Hon Yakubu lamented that even, “local governments chairmen that needs to deal with the matter are cash trap and handicap to solve their problems, thereby leaving it to linger.”

Burdened with their dilemma, Hon Yakubu promised to sponsor bills that would bring development to the people at the grassroots where the federal government would be compelled to develop rural communities across the nation.

He said, “The rural people lack good roads and electricity, worst is that during the rainy season, they are cut off from major cities and towns due to bad roads, which is enough reasons for government to give them attention”. 

The lawmaker and lawyer by profession further described the plight of rural dwellers as pathetic and as one that must be addressed headlong.

He said, “Empowering local communities at the grassroot level is my priority, having known their plight for I intend to impact on my people’s lives by ushering in the needed development in my place as a way of appreciating their confidence on me.

Some don’t have good shelter, food and if they are sick they don’t have proper medication.”

Yakubu who had won two elections into Kebbi State House of Assembly and was also elected majority leader in his second term, said he doesn’t and will not consider religion or tribe as a yardstick to accessing his programmes.

His constituency seems to be the largest with Birnin Kebbi being the state capital with a high population of unemployed youths, while poverty and education needs to be tackled.

Youth unemployment,  child infant mortality, poverty, disease, health and quality education are  among the vises and challenges he is facing at  his constituency and  tackling them will be a difficult task for  him because of paucity of funds .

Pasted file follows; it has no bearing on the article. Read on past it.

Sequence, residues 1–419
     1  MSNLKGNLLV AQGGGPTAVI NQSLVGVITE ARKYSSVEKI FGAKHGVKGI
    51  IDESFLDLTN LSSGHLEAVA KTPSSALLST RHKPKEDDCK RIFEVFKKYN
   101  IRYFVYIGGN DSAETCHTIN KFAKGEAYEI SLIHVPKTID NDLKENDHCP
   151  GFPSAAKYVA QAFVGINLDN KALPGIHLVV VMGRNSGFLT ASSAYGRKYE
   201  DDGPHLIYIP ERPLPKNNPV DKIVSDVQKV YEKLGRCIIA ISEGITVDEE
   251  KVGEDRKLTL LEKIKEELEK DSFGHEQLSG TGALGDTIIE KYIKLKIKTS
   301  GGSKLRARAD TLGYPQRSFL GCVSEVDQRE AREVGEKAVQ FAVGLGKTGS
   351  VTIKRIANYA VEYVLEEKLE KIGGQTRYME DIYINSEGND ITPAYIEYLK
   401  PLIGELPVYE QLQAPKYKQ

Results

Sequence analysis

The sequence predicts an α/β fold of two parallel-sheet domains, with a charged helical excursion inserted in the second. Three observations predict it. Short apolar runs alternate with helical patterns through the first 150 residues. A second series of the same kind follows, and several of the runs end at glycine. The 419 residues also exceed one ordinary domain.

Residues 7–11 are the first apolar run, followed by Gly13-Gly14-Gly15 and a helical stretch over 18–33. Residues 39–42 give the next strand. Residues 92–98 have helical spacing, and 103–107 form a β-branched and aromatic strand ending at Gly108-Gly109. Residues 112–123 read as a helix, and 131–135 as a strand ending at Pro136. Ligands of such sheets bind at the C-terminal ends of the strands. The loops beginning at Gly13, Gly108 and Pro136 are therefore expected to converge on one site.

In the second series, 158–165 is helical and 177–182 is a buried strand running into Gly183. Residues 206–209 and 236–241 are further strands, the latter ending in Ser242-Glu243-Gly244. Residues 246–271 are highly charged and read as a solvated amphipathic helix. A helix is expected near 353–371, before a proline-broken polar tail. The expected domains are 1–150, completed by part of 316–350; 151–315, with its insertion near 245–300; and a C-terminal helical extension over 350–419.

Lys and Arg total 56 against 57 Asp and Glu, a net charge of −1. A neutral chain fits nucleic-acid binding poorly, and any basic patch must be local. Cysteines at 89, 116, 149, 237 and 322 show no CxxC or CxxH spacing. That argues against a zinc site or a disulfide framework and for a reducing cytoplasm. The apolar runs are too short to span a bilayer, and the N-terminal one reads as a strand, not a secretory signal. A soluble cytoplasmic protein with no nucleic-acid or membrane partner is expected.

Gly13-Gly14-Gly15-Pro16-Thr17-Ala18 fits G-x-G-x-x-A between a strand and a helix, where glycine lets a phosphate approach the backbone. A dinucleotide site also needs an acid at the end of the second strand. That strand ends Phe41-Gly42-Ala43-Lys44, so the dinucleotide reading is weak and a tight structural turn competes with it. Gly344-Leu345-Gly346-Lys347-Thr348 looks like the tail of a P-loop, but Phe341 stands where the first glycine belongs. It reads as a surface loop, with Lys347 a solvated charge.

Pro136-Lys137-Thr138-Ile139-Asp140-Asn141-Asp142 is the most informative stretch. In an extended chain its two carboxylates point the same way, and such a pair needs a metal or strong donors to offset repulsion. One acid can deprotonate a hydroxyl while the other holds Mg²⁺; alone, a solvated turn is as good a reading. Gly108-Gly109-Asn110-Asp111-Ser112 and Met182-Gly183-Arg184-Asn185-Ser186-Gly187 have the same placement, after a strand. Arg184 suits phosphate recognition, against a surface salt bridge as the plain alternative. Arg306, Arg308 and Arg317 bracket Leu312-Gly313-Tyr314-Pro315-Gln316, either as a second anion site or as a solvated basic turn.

Skill acquisitions and manpower training are paramount for him to accommodate the large chunk of unemployed youths in his constituency. 

He said that Kebbi is relatively peaceful because of the governor’s efforts in combating crimes and other social vice, he also said the governor has provided a level playing ground for farmers as an incentive to boost the agricultural sector of the state.

Yakubu further express confidence that the governor is planning to do more to the state and encouraged the people to support his initiatives for the state to grow strong economically.

National coordinator, Group for Good Governance Network,  (GGGN), Mrs Mimidoo Odey said,  improving accessibility to basic services such as safe water, electricity, sanitation, and social infrastructural facilities for rural dwellers  has been acknowledged as one of the principal ways of promoting sound human settlements, good health, and appropriate and decent living conditions.

According to Odey, “Urban people are perceived to be ‘better-dressed, better- fed and better-exposed to modern civilisation than rural people hence, the urgent need for a balance.

She argued that improving rural infrastructure development remains  a gateway towards solving the problems of urbanisation no doubt, as it is key to internal security, socioeconomic and other important growth.

Also, chairman, Grassroot Development Initiative, Sarah Ekpeyong Imekpa said, “It’s a fact that the rate of urbanisation, which has, in turn, outstripped the provision of basic service and facilities, is now calling for attention across different cities of the world today. The rapid growth of the cities and the immediate consequences of such growth have continued to be an issue of concern to both individuals and the government.

Imekpa concluded by pointing out that the importance of providing rural dwellers with their needed facilities and services is a sure tool for the sustainability of the modern day cities infrastructure.